This Day in World History
September 27, 1822
Champollion reveals decipherment of the Rosetta Stone
On September 27, 1822, Jean François Champollion announced a long-awaited discovery: he could decipher the Rosetta Stone. The stone, a document written in 196 BCE during the reign of Ptolemy V, had been discovered in Rashid (Rosetta in French), Egypt in 1799 by French troops involved in a military campaign against the British.
Deciphering hieroglyphics had frustrated scholars for centuries. Arab scholars, beginning in the ninth century, CE, made unsuccessful attempts, as did Europeans in the fifteenth. Consequently, even though Egypt was littered with monumental stone inscriptions, no one could translate them.
The Rosetta Stone was immediately recognized as a tool that could be used to decode Egyptian hieroglyphic writing since it was inscribed with hieroglyphics, a second Egyptian script called demotic, and ancient Greek. If, as it was assumed, the three pieces of writing had the same text, the Greek could be used to understand the Egyptian.
The task would not be easy, however. Hieroglyphics combine a mixture of ideograms, or pictures representing concepts, and phonetic symbols represent sounds– and more than one symbol could be used to represent a sound. Complicating matters, the demotic and Greek texts were not exactly the same.
The British—who gained possession of the stone in 1801 after defeating France in Egypt—tried to translate the texts. They made some progress but were unable to reach a breakthrough. Meanwhile, Champollion working with illustrations of the Rosetta Stone and of other ancient Egyptian texts, recognized that hieroglyphic marks were sometimes ideograms and sometimes phonetic. He wrote, “It is a complex system…symbolic and phonetic all at once, in the same text, the same phrase, I would say in the same word.”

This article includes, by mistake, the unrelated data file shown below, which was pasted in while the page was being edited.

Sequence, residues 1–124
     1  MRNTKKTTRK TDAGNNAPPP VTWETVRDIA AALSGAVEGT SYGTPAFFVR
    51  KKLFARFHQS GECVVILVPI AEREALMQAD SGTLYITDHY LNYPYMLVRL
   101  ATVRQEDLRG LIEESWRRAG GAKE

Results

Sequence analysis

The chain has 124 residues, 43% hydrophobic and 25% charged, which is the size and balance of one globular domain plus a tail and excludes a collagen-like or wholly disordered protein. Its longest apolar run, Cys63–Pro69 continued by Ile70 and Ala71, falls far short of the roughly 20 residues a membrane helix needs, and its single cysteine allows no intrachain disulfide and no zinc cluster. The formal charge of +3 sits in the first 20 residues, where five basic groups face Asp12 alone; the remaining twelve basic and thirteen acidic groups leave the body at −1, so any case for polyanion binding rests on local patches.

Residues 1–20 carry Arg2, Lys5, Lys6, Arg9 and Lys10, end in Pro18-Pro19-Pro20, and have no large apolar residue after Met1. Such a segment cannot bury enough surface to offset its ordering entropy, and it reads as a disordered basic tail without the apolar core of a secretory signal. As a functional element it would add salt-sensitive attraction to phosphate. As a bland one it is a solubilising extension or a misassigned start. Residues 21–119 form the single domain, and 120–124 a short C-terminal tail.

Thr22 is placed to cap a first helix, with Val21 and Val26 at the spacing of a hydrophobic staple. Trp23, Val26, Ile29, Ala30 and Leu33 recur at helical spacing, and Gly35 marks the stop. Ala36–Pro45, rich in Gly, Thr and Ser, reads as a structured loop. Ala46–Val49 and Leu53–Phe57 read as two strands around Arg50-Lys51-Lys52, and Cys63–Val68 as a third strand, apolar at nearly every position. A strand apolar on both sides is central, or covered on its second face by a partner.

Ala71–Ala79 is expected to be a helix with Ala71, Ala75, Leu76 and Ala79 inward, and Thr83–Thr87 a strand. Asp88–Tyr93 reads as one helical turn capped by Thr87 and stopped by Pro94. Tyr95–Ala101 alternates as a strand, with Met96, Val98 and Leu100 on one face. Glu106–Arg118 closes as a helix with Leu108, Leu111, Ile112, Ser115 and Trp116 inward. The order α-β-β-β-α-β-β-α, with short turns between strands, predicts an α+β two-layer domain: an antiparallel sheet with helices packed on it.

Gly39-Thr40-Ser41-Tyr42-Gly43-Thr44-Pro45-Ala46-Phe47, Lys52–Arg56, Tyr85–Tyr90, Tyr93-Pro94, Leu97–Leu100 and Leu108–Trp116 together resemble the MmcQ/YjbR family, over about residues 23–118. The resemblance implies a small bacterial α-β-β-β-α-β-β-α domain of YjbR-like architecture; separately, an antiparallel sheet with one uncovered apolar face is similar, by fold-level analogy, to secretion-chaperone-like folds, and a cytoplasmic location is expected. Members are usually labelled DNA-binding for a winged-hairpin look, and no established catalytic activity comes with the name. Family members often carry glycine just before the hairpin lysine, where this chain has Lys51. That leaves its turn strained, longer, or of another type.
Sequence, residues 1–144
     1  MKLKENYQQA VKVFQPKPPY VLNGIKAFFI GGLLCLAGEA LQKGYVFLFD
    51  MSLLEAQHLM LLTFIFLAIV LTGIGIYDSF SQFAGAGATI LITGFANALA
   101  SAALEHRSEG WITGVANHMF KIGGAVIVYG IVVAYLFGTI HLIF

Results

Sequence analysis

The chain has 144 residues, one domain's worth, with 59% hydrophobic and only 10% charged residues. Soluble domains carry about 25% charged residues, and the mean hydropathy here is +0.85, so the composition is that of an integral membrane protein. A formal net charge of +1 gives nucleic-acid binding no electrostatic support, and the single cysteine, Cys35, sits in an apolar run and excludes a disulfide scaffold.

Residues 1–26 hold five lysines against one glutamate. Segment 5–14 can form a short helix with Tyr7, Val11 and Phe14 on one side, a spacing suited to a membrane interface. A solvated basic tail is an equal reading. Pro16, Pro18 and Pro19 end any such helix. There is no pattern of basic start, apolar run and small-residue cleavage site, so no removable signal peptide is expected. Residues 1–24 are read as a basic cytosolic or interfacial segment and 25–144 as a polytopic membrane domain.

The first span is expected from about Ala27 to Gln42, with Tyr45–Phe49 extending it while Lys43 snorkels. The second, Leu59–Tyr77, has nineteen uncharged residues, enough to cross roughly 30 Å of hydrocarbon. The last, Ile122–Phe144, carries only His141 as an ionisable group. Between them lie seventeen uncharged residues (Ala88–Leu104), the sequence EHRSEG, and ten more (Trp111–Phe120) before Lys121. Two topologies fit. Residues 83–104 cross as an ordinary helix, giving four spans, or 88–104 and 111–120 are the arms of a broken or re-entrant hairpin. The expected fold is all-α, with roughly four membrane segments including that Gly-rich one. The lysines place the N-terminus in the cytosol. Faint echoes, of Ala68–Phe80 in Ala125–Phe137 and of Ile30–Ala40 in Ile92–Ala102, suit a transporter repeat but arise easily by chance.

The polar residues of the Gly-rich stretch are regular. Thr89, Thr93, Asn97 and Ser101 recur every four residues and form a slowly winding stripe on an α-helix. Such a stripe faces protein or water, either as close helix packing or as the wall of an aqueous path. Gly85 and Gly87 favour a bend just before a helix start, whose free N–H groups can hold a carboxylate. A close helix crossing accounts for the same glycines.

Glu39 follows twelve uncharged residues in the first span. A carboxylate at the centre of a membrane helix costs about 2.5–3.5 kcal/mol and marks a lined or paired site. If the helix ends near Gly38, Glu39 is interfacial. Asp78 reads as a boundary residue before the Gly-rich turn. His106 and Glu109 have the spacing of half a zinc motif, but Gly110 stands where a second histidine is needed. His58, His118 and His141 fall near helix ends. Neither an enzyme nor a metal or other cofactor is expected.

In 1822, he was able to correctly read the name of several rulers. Soon he was able to identify other names in other texts and then, using the symbols for sounds he gleaned from those translations, to identify a word in hieroglyphics that was not a name. When Champollion announced his breakthrough, his discovery came under attack from the British, who dismissed his notion that the Egyptians had developed a phonetic-based form of writing. In 1866, however, another text with Greek and Egyptian writing was discovered and successfully decoded using Champollion’s approach. The French scholar could not enjoy this vindication, however. He had died in 1832.